The fact that Szpak's testimony was more revealing than the case report is not a valid reason for refusing to permit the defense to see it. This is not the test under the statute. The purpose of requiring the delivery to a defendant of a prior statement "which relates to the subject matter as to which a witness has testified" is not solely to provide him a means of obtaining information divulged by the witness's testimony, but to give him an opportunity to use it as he deems fit for trial purposes. "[W]hether the statements may be useful for purposes of impeachment is a decision which rests, of course, with the defendant himself." Scales v. United States, 367 U.S. 203, 258, 81 S.Ct. 1469, 1501, 6 L.Ed.2d 782 (1961). In Campbell v. United States, 373 U.S. 487, 497, footnote 13, 83 S.Ct. 1356, 10 L.Ed. 2d 501, the Supreme Court pointed out that under Jencks v. United States, 353 U.S. 657, 677-678, 77 S.Ct. 1007, 1501, 1 L.Ed.2d 1103, a showing of inconsistency as a prerequisite to the production of documents is unnecessary. See also Lewis v. United States, 340 F.2d 678 (C.A.8); United States v. Prince, 264 F.2d 850, 852 (C.A.3). Nevertheless, as has been indicated earlier, it affirmatively appears that the report could have been advantageously used by the defense to impeach Szpak concerning his testimony of events about the informant, Barker, who accompanied Vecchione to the parking area of the Cork and Bottle Bar in Edison Township. The refusal of the trial judge to direct the prosecution to deliver the May 26, 1964, report, with such portions which did not relate to the subject matter of Szpak's testimony deleted, to the appellant for his use at the trial was not harmless error. See United States v. McCarthy, 301 F.2d 796 (C.A.3, 1962).


The appellant complains about the trial judge's admonition in the midst of the trial regarding his attorney's use of the letter of September 11, 1946, in cross-examining Szpak. The trial judge told the jury that this letter, containing but six lines with reference to the happenings of May 14, 1964, did not, in any wise, propose to spell out the details of the event of that day. This was fair comment on the document shown to the jury, and was eminently proper.


Nor did the trial judge overstep the bounds of propriety in his questioning of Vecchione while he was on the witness stand.


There was no error in the trial court's refusal to permit appellant to introduce into evidence the official record pertaining to the indictment and arraignment of Barker who was present in court but not called as a witness by either side. It was appellant, not the prosecution, who brought to the attention of the jury Szpak's conversations with Barker on cross-examination, apparently to impeach his credibility, even though appellant objected to any such conversations on direct examination.


Appellant asserts that the actions of the prosecuting attorney, in three respects, were prejudicial. He complains of a statement made in opening to the jury, a statement made during summation, and questions asked of a witness for the prosecution.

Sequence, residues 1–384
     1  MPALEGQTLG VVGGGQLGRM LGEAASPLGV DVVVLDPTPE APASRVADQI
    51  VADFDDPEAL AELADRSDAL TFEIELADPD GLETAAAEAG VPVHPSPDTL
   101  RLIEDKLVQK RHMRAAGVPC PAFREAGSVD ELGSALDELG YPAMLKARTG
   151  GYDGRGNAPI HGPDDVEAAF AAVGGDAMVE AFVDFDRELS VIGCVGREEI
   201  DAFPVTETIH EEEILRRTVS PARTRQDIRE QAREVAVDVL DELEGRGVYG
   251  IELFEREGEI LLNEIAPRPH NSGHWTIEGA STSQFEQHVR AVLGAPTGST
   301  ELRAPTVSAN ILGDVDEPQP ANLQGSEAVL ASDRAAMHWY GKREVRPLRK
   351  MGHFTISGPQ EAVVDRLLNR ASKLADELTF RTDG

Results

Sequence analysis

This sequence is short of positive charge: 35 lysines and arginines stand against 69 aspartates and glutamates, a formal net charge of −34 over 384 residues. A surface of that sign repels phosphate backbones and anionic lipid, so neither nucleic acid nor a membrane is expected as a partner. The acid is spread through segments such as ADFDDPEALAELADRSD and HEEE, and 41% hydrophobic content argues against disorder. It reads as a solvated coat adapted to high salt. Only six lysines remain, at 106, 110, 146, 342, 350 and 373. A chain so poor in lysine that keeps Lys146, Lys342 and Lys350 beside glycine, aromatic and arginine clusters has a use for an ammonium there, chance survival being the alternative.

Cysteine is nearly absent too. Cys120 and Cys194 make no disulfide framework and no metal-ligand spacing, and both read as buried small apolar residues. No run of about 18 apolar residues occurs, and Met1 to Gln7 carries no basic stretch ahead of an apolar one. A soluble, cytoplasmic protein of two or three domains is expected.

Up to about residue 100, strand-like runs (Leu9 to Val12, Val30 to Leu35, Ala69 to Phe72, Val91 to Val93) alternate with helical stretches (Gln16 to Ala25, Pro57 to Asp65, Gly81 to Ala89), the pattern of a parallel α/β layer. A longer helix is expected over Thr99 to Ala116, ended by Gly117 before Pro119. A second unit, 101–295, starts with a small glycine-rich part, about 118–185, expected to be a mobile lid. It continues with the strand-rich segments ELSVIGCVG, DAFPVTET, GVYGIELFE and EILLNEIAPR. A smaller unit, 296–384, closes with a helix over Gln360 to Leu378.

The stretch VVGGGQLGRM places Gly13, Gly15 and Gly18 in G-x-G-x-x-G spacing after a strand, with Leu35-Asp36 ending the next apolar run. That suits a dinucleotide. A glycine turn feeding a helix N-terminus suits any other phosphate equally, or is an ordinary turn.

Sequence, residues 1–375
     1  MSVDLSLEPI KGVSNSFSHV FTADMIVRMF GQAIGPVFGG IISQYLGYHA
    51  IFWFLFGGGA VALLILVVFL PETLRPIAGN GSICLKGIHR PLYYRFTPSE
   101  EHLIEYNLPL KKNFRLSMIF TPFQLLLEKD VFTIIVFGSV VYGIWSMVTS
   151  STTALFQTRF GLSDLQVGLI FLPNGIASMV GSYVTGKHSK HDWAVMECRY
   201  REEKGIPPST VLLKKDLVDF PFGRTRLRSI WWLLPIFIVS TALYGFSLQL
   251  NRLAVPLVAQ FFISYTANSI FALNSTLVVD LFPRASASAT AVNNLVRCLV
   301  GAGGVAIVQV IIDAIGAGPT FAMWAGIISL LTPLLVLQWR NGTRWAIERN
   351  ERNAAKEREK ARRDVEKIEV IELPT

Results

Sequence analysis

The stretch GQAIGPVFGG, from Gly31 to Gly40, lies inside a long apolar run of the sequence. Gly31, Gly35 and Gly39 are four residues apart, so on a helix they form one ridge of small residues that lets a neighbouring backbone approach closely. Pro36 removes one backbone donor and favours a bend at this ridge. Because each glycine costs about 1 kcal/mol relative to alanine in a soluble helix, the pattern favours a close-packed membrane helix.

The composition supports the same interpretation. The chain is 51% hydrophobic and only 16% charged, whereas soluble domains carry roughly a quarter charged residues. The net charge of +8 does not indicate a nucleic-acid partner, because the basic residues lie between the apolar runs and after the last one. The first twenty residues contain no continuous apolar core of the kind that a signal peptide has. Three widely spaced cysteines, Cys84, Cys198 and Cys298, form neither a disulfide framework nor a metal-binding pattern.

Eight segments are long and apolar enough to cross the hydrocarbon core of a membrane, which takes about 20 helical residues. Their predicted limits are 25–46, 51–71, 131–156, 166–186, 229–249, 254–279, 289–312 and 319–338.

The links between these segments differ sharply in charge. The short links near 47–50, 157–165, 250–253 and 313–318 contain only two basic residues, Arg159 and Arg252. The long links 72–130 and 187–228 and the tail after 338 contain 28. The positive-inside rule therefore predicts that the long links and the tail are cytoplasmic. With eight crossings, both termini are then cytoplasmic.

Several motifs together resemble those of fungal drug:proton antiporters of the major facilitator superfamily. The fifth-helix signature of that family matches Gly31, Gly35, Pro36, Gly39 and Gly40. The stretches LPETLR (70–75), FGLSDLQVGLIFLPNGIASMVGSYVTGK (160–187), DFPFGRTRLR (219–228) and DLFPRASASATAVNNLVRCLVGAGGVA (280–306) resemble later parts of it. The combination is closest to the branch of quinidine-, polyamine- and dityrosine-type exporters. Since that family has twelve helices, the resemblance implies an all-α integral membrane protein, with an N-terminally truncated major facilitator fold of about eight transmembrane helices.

In his opening statement, the attorney for the prosecution said: "And I am convinced, as I am sure you will be when you hear the evidence and see it presented before you, that there will be no question but that defendant, Meisch, is guilty of the crime charged." This could not be construed as a statement of personal knowledge deemed to be especially objectionable as in Berger v. United States, 295 U.S. 78, 88, 55 S.Ct. 629, 79 L.Ed. 1314 (1935). Here, the statement of belief in the guilt of appellant was stated by the prosecuting attorney to be based upon the evidence to be presented.


The statement in his summation concerning why the arrest of appellant was made three months after the events charged in the indictment was as follows: "You remember the testimony why they waited for three months. They were checking him out. That makes sense, doesn't it? It does to me." This likewise was not a statement of personal knowledge.


As to the questions, appellant claims they were so framed as to insinuate that he was involved in prior dealings with counterfeit money or associated with known counterfeiters. These questions were asked by the prosecution in anticipation of a defense of entrapment. Nevertheless, the questions were stricken and the jury admonished by the trial judge to disregard them. Assuming that appellant might have been prejudiced by those questions, we believe they should not be repeated in the next trial unless the appellant indicates that he will raise that defense.


Appellant also brings to our attention the trial judge's instruction to the jury that a "witness is presumed to speak the truth but this presumption may be outweighed by the manner in which the witness testifies, by the character of the testimony given or by contradictory evidence."3 It is perhaps safe to say that the vast majority of witnesses speak the truth and that jurors are aware of this. But we have not found an authoritative case, and the prosecution has cited none, casting that tendency of human nature into a legal presumption in a criminal case tried to a jury.4 In addition to derrogating from the jury's sole right to determine the credibility of witnesses, this rule conflicts with the presumption of innocence of a defendant. Attempts to shorten this protective cloak have been nullified by the Courts. See, for example, Morissette v. United States, 342 U.S. 246, 72 S.Ct. 240, 96 L.Ed. 288 (1952); Reynolds v. United States, 238 F.2d 460, 16 Alaska 502 (C.A.9, 1956). The quoted words also clashed with the charge regarding the burden of proof. The appellant did not take the stand or offer any witnesses on his behalf. Under the circumstances the jury could have concluded that they were required to accept the testimony of the prosecution's witnesses at its face value since it was not contradicted by other witnesses. If the case is ever retried, the trial judge, in his charge to the jury, should not include therein the proposition that a witness is presumed to speak the truth.